Background A 68-year-old female, and experienced recreational diver, presented via a regional hospital to our neurology service with acute onset visual disturbance following a 30-metre open water dive.
She had no significant past medical history, specifically no history of hypertension and was on no regular medications. She was an ex-smother with a 20 pack year history
On arrival she was hypertensive to 190/100mmHg but otherwise systemically stable. She had intact visual acuity and visual fields but had difficulty distinguishing objects from complex backgrounds and described vivid visual distortions.
MRI performed acutely demonstrated multifocal areas of T2 hyperintensity within her posterior parietal and occipital lobes and a provisional diagnosis of posterior reversible encephalopathy syndrome (PRES) was made.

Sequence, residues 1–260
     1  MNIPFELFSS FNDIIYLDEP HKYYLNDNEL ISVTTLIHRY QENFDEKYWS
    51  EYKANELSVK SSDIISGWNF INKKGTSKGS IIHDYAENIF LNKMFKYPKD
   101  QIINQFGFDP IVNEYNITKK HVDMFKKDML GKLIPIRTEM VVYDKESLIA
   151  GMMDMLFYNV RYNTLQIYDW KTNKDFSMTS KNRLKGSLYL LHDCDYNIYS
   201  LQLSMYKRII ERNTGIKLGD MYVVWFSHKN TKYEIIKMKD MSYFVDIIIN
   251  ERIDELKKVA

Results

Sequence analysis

Further questioning revealed that the patient was diving with a 70/30% nitrogen/oxygen mixture for which she had not received appropriate training, and was diving at depths close to the recommended limits for this mixture. Diving mixtures containing higher concentrations of oxygen are used to reduce the risk of nitrogen narcosis and decompression sickness but can be associated with CNS toxicity thought to be due to significantly increased PaO2 and associated cerebral vasoconstriction.
The patient was managed with intensive blood pressure control and made a significant recovery within seven days.
Conclusions We postulate that her PRES may have been triggered by excessive cerebral vasoconstriction from hyperoxaemia in a patient with impaired vasoregulatory reserve.
Wingelaar TT, van Ooij P-JAM, van Hulst RA. Oxygen toxicity and special operations forces diving: hidden and dangerous. Front Psychol 2017;8:1263. doi:10.3389/fpsyg.2017.01263
Matsuo R, Kamouchi M, Arakawa S, Furuta Y, Kanazawa Y, Kitazono T. Magnetic resonance imaging in breath-hold divers with cerebral decompression sickness. Case Rep Neurol 2014;6(1):23–27. Published 2014 Jan 24. doi:10.1159/000357169
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